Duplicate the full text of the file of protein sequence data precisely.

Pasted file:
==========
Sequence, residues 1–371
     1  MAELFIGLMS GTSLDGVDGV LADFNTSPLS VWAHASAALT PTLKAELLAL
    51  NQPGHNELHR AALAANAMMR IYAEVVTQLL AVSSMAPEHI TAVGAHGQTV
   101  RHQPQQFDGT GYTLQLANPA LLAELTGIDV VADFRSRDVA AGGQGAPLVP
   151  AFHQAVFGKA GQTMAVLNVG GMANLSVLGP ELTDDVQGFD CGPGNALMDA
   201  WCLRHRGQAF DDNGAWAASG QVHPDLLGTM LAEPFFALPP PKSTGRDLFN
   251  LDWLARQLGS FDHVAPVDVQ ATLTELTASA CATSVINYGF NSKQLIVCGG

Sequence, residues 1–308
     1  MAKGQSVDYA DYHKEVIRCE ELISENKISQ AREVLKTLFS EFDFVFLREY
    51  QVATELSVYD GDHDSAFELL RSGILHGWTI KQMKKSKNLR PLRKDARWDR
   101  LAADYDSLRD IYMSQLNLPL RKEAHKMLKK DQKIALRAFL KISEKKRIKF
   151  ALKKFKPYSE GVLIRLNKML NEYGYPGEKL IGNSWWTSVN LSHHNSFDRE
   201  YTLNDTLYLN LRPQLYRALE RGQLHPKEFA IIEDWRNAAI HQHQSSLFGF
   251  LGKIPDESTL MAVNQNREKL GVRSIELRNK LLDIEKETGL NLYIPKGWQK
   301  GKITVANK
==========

Sequence, residues 1–371
     1  MAELFIGLMS GTSLDGVDGV LADFNTSPLS VWAHASAALT PTLKAELLAL
    51  NQPGHNELHR AALAANAMMR IYAEVVTQLL AVSSMAPEHI TAVGAHGQTV
   101  RHQPQQFDGT GYTLQLANPA LLAELTGIDV VADFRSRDVA AGGQGAPLVP
   151  AFHQAVFGKA GQTMAVLNVG GMANLSVLGP ELTDDVQGFD CGPGNALMDA
   201  WCLRHRGQAF DDNGAWAASG QVHPDLLGTM LAEPFFALPP PKSTGRDLFN
   251  LDWLARQLGS FDHVAPVDVQ ATLTELTASA CATSVINYGF NSKQLIVCGG

Sequence, residues 1–308
     1  MAKGQSVDYA DYHKEVIRCE ELISENKISQ AREVLKTLFS EFDFVFLREY
    51  QVATELSVYD GDHDSAFELL RSGILHGWTI KQMKKSKNLR PLRKDARWDR
   101  LAADYDSLRD IYMSQLNLPL RKEAHKMLKK DQKIALRAFL KISEKKRIKF
   151  ALKKFKPYSE GVLIRLNKML NEYGYPGEKL IGNSWWTSVN LSHHNSFDRE
   201  YTLNDTLYLN LRPQLYRALE RGQLHPKEFA IIEDWRNAAI HQHQSSLFGF
   251  LGKIPDESTL MAVNQNREKL GVRSIELRNK LLDIEKETGL NLYIPKGWQK
   301  GKITVANK